Spinal cord injuries (SCI) are a serious public health concern. Damage to the spinal cord is irreversible, and it may result in partial or total paralysis, chronic pain, and other physical deficits. As a result, clinicians are investigating new treatments that may reduce the negative outcomes associated with SCI. One such treatment is stem cell therapy, which has become increasingly popular for its neuroregenerative abilities. The only commonly used form of stem cell therapy is bone marrow transplantation, but research suggests that other types of stem cell therapy may benefit people who have sustained SCI.
Current research suggests that stem cell therapy can reduce neurological disability in cases of severe SCI. Although spinal cord damage is irreversible, stem cells may help to protect and regenerate cells that die as a result of SCI. A group of researchers in Serbia also note that stem cell therapy alone is not sufficient to heal a spinal cord lesion, and they encourage clinicians to combine stem cell therapy with other therapeutic strategies such as medication and surgery. Furthermore, clinicians should continue to adjust drug dosages and methods of administration to ensure that stem cell treatments are maximally effective. As they continue to explore stem cell therapies, researchers should focus on guaranteeing that stem cell harvesting and application processes are as safe and effective as possible.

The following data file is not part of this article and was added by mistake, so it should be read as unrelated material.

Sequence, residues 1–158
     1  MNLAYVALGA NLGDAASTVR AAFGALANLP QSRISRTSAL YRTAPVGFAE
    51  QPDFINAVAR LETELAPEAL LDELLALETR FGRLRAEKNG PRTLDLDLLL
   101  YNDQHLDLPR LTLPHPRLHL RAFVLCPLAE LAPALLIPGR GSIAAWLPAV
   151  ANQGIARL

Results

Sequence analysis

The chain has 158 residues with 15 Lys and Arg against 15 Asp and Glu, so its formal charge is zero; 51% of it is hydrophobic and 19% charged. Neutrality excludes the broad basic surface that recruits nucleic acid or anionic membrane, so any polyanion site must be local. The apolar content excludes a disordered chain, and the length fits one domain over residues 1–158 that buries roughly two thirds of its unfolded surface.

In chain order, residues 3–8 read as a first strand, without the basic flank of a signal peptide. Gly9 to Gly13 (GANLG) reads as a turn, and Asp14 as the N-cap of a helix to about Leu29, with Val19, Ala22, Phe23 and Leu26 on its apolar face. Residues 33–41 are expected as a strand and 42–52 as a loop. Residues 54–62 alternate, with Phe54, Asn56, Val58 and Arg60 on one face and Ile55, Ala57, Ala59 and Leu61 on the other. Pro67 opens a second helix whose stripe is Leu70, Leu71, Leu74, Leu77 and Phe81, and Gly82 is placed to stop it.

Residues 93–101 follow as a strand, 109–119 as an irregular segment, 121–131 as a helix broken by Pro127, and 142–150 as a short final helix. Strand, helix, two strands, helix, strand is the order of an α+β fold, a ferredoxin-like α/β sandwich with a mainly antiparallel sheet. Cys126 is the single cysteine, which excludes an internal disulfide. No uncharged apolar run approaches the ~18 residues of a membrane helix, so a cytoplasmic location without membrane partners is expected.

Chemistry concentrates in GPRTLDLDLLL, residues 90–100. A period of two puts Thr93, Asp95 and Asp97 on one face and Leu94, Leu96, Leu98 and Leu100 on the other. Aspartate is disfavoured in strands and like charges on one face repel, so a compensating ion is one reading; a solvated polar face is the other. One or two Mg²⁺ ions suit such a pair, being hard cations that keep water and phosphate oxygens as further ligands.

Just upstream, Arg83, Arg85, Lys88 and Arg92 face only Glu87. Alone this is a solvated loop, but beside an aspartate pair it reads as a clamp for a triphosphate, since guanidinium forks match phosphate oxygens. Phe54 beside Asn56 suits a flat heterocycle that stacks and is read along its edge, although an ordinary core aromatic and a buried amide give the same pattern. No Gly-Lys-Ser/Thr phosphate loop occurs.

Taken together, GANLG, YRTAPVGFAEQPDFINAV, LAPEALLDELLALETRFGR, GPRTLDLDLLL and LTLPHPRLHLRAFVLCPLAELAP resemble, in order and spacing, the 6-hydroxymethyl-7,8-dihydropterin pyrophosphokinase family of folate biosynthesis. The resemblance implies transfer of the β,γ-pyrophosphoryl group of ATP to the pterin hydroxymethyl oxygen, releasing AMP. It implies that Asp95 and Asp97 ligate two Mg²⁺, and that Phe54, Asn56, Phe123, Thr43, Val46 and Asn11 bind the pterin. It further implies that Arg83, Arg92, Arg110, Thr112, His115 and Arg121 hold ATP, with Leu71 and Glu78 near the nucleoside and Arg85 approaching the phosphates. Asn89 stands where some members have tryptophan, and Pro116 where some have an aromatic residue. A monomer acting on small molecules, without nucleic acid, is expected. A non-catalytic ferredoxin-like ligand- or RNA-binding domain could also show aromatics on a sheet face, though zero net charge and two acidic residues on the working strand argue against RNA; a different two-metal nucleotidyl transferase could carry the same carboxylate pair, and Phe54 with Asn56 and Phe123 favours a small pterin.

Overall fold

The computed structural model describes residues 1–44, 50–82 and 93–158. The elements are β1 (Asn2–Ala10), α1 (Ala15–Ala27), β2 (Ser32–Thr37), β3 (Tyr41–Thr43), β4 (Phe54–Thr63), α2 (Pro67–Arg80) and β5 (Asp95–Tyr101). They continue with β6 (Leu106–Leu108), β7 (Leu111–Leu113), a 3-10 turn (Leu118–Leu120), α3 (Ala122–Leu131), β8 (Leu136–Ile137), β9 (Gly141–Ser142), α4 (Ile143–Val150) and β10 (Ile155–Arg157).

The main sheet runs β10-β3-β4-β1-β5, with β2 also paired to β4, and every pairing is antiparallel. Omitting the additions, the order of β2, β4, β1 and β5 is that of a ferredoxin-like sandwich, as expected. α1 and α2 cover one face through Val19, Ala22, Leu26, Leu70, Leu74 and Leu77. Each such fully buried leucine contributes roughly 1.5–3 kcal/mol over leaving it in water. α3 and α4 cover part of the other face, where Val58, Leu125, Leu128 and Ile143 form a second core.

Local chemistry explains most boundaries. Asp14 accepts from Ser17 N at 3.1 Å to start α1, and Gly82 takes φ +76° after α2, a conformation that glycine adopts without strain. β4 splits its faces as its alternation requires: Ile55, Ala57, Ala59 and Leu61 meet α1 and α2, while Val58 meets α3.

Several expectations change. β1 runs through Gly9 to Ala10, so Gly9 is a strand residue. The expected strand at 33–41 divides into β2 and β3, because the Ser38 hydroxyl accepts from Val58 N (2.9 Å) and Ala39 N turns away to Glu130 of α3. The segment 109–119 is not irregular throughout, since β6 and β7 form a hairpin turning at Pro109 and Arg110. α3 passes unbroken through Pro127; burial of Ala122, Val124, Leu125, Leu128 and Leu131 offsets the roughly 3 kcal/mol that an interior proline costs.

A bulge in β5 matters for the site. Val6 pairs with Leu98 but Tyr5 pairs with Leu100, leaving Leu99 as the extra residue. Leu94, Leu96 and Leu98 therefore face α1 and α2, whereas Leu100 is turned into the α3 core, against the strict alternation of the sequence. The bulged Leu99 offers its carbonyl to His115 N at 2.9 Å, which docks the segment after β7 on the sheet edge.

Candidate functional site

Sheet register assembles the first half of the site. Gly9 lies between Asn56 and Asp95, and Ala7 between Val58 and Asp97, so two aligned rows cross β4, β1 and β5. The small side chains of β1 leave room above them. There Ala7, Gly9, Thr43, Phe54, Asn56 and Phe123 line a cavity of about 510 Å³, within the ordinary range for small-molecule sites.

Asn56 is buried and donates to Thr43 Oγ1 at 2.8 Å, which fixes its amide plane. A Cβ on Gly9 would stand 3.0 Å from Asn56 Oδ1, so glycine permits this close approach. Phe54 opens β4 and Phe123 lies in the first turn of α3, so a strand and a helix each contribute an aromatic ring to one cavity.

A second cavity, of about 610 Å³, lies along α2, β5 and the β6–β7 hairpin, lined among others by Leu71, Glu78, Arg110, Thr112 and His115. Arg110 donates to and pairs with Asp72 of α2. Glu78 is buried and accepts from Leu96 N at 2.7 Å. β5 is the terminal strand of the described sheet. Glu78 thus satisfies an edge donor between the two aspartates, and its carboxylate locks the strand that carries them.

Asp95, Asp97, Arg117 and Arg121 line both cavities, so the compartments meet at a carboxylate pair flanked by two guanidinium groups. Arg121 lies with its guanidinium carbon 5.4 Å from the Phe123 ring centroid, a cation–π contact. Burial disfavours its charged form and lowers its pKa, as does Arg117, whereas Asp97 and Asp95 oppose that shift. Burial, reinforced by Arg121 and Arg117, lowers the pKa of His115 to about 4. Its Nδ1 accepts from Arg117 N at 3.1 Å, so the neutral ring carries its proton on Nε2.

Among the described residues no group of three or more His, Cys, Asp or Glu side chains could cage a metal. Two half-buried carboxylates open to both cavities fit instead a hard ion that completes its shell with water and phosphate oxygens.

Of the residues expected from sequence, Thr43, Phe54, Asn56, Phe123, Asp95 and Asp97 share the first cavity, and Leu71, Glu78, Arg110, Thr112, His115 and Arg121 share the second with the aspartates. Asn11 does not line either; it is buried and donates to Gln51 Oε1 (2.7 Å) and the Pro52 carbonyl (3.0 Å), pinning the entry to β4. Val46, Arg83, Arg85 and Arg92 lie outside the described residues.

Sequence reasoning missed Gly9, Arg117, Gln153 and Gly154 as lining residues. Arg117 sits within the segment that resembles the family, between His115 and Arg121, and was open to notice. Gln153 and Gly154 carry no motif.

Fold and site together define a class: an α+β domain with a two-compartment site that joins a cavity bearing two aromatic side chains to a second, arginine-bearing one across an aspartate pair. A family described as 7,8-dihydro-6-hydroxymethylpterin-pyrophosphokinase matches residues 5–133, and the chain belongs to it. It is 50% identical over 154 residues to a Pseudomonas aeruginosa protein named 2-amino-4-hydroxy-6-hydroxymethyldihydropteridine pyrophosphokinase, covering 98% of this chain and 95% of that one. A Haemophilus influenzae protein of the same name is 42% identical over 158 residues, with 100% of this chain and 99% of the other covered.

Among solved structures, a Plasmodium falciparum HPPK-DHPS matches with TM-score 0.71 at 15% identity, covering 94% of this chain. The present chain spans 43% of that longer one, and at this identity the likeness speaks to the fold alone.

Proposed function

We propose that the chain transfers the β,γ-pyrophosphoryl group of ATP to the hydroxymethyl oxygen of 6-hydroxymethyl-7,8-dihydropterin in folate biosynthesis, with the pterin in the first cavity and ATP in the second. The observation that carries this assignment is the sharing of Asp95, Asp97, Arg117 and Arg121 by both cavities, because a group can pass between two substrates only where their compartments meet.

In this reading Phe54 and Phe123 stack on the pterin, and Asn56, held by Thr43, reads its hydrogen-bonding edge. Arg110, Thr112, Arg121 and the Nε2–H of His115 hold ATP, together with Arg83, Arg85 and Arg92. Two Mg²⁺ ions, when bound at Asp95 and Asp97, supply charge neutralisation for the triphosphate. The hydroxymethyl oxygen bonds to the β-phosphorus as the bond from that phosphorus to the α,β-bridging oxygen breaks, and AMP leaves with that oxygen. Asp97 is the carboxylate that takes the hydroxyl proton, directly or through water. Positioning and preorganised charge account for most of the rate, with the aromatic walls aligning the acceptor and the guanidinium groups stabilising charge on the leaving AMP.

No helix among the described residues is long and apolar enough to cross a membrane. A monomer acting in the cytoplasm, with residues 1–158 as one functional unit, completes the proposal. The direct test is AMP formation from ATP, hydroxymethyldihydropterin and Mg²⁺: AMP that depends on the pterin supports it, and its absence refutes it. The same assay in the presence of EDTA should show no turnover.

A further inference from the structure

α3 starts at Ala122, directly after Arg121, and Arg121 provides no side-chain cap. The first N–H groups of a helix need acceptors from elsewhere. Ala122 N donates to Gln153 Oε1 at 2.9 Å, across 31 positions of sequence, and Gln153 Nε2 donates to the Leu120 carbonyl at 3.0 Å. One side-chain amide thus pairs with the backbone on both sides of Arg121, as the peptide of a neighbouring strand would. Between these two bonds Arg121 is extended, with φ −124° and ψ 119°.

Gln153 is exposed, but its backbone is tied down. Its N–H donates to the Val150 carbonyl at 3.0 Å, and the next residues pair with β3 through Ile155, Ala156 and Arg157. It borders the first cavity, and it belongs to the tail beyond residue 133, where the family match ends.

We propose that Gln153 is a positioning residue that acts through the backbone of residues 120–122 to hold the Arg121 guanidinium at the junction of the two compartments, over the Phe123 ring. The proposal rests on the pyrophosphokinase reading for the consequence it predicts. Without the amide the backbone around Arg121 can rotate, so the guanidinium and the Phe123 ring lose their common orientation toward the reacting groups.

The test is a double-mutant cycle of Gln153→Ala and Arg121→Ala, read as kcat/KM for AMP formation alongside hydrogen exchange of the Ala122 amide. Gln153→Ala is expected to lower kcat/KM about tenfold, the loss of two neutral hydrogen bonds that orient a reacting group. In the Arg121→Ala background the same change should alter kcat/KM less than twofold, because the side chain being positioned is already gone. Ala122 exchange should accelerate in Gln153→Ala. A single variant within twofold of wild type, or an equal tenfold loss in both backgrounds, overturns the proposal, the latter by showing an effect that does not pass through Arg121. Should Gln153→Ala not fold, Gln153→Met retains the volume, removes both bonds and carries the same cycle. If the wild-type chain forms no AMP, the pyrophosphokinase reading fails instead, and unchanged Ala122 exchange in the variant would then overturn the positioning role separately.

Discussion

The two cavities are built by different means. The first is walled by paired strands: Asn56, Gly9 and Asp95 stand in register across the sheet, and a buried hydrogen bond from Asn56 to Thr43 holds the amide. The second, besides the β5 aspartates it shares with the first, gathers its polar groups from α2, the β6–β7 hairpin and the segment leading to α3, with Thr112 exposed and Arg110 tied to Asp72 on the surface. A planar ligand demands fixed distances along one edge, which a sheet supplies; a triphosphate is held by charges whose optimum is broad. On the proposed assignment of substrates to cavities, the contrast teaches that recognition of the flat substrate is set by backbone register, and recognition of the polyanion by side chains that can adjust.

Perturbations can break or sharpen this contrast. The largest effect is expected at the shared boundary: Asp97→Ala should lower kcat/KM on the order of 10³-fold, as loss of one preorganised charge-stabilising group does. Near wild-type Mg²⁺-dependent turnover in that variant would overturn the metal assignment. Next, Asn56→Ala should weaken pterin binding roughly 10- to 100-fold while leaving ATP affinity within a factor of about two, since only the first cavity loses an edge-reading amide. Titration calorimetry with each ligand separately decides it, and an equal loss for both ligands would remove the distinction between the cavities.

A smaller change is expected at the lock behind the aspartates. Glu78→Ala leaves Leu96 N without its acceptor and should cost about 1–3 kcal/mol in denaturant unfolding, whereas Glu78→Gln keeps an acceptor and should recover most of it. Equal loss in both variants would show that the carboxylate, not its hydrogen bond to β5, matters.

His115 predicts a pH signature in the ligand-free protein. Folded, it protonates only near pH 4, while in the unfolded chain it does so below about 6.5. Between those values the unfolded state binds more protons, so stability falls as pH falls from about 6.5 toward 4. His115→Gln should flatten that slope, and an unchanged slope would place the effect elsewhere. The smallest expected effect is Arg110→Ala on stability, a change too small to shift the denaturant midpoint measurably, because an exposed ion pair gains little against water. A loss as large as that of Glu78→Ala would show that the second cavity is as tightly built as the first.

Stem cell therapy is one of the most promising methods for treating the devastating damage caused by SCI. As they work to ensure the best possible outcomes for patients with SCI, researchers and clinicians should continue to develop stem cell therapies as a viable treatment option.
Gazdic M, Volarevic V, Harrell CR, et al. Stem cell therapy for spinal cord injury. International Journal of Molecular Sciences. (March 2018).